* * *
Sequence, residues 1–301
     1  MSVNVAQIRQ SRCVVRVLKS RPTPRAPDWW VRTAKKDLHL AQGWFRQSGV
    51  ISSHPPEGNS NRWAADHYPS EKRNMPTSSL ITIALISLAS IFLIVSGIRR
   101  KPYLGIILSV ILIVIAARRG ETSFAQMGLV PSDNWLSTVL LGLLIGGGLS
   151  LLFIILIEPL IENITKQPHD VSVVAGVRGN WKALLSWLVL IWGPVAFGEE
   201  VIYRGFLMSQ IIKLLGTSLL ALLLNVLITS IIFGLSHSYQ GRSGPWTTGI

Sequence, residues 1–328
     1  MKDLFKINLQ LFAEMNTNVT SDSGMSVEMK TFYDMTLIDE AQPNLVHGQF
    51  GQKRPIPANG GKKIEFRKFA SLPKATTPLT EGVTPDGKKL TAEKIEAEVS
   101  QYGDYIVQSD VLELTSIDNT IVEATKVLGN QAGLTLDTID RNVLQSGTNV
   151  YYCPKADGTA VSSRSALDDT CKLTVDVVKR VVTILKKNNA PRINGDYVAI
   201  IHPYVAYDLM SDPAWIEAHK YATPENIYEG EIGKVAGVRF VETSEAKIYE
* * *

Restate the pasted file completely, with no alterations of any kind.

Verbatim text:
Sequence, residues 1–301
     1  MSVNVAQIRQ SRCVVRVLKS RPTPRAPDWW VRTAKKDLHL AQGWFRQSGV
    51  ISSHPPEGNS NRWAADHYPS EKRNMPTSSL ITIALISLAS IFLIVSGIRR
   101  KPYLGIILSV ILIVIAARRG ETSFAQMGLV PSDNWLSTVL LGLLIGGGLS
   151  LLFIILIEPL IENITKQPHD VSVVAGVRGN WKALLSWLVL IWGPVAFGEE
   201  VIYRGFLMSQ IIKLLGTSLL ALLLNVLITS IIFGLSHSYQ GRSGPWTTGI

Sequence, residues 1–328
     1  MKDLFKINLQ LFAEMNTNVT SDSGMSVEMK TFYDMTLIDE AQPNLVHGQF
    51  GQKRPIPANG GKKIEFRKFA SLPKATTPLT EGVTPDGKKL TAEKIEAEVS
   101  QYGDYIVQSD VLELTSIDNT IVEATKVLGN QAGLTLDTID RNVLQSGTNV
   151  YYCPKADGTA VSSRSALDDT CKLTVDVVKR VVTILKKNNA PRINGDYVAI
   201  IHPYVAYDLM SDPAWIEAHK YATPENIYEG EIGKVAGVRF VETSEAKIYE